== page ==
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In the year of 2002, the first Korean translation of Finnegans Wake was published for the first time after much meandering of effort and encouragement. During the long assignment of translating Joyce`s work, the great Human Comedy, the translator was "torn by conflicting doubts" and indeed tormented with the struggle between body and mind. Yet, despite it all, today in Korea the highbrow readers as well as the common ones have found the translated text very difficult and obscure to read and understand. This is largely due to the translated work like the original`s expansive linguistic experiments and its abandonment of the conventions of plot and character construction. So far, the Korean work remains largely unread by the general public. This unreadability mainly and surely comes from the translator`s faithfulness of enlivening and restoring Joyce`s original literary style and technique. Sometimes using certain Chinese characters that the Korean alphabet "Hangeul" incorporates can prove to be very helpful because of their spontaneous, compact visual effect. This macrocosmic lyric, Finnegans Wake, is the text of "the ineluctable modality of the visible" and "the ineluctable modality of the audible." In consequence, the translator once again did his best to conquer these difficulties and obstacles, and to make the work readable as he once did to Ulysses. A saying comes to his mind: "The general principle of my life is labor." To this writer reading and translating Finnegans Wake has been catharsis for him. In order to conquer these handicaps and to enrich our reader`s understanding and appreciation of the translated work, he once again has recently published his new revised edition of his former translation, as the work has to continue because it is the art possibility. This time, he inserted many extra explanatory notes and hints in the brackets into the translated text, which, as a role of a useful vertical rudder, will help the competent keyless reader proceed "from the known to the known through the incertitude of the void." Furthermore, he published another new and additional companion-book of annotations to the version which ties up all the fragments of such a huge mosaic and the most monstrous hybridization of "soundsense" masquerading as a dream. This book includes a brief outline and commentary of each page. The quoted last page (FW 628), from "ALP`s monologue, will hopefully demonstrate the translator`s above mentioned purport: videlicet text, C. K. Ogdenian Basic English(Matrix), translation, notes, criticism, etc.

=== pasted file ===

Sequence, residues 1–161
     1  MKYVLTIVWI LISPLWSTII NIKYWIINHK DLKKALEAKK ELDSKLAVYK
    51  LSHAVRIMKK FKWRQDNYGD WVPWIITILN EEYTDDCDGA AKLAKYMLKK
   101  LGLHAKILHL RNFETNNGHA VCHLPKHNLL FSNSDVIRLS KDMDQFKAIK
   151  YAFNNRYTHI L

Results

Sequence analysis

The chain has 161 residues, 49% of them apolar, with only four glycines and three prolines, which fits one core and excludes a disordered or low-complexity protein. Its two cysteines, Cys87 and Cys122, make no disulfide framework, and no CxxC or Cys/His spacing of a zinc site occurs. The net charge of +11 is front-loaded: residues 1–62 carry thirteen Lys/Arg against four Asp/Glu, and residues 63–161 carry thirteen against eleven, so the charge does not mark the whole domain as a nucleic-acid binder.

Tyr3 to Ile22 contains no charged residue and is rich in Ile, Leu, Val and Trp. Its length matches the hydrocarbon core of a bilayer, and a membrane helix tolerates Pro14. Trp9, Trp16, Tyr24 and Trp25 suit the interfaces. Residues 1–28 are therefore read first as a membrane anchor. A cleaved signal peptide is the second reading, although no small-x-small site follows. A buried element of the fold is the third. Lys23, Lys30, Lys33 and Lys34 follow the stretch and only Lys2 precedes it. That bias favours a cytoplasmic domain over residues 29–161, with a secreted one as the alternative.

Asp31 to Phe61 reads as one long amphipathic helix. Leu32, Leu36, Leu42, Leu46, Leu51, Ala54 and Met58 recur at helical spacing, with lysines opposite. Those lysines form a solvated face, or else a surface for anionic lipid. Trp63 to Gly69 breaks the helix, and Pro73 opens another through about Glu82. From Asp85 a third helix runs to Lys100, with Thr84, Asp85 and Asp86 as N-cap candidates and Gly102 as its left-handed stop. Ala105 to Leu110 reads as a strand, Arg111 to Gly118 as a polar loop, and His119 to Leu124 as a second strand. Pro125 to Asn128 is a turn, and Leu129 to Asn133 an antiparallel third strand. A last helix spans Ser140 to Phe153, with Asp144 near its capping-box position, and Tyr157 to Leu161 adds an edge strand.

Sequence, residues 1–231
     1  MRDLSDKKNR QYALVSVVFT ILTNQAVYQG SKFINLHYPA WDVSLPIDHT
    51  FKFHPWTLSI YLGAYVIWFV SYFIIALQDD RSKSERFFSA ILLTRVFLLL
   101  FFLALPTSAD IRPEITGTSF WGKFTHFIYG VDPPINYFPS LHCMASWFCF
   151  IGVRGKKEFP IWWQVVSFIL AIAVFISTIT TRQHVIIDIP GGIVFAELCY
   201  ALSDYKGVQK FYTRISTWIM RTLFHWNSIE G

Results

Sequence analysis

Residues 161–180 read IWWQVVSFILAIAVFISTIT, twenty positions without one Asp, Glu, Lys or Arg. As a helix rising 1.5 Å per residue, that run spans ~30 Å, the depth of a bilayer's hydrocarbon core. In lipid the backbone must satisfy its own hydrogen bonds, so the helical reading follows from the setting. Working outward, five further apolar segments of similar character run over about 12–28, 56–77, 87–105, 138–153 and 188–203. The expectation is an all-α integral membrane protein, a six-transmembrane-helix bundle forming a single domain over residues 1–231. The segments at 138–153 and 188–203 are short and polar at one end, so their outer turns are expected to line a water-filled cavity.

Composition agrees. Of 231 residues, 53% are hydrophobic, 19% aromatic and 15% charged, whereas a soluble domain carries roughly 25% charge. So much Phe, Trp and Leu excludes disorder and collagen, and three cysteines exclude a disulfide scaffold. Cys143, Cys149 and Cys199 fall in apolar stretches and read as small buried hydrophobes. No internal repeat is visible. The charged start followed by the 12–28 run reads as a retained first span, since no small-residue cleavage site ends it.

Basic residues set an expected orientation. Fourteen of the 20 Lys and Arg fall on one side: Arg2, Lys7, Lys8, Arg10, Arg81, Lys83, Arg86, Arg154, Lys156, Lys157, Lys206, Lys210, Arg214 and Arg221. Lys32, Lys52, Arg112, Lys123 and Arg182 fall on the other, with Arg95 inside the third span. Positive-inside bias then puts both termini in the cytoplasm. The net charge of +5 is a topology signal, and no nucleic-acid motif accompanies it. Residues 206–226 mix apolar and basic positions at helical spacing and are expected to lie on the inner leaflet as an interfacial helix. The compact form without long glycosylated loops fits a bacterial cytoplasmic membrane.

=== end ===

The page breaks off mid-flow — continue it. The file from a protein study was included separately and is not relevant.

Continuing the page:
This essay explores how cinematography in “Two Gallants” helps Joyce better communicate with his readers its theme of human commodification. In this story, male exploitation of woman as a commodity, culminating in her transformation into a prostitute, not only subjects the men to the ruthless world of commerce but also commodifies them as well. Such commodification is conveyed and highlighted by the cinematic form of narrative. While the female body is objectified by Lenehan’s gaze, his and Corley’s bodies are not free from the gaze that controls the whole narrative. In fact, their physical description exposes the fact that they are equally the objects of the camera eye, which Joyce has inserted into the story. By the use of alternating gazes, furthermore, the narrative adds dramatic effects to the climactic ending: when Corley opens his palm in a proud manner, his and his disciple’s subjugation to money have been completed.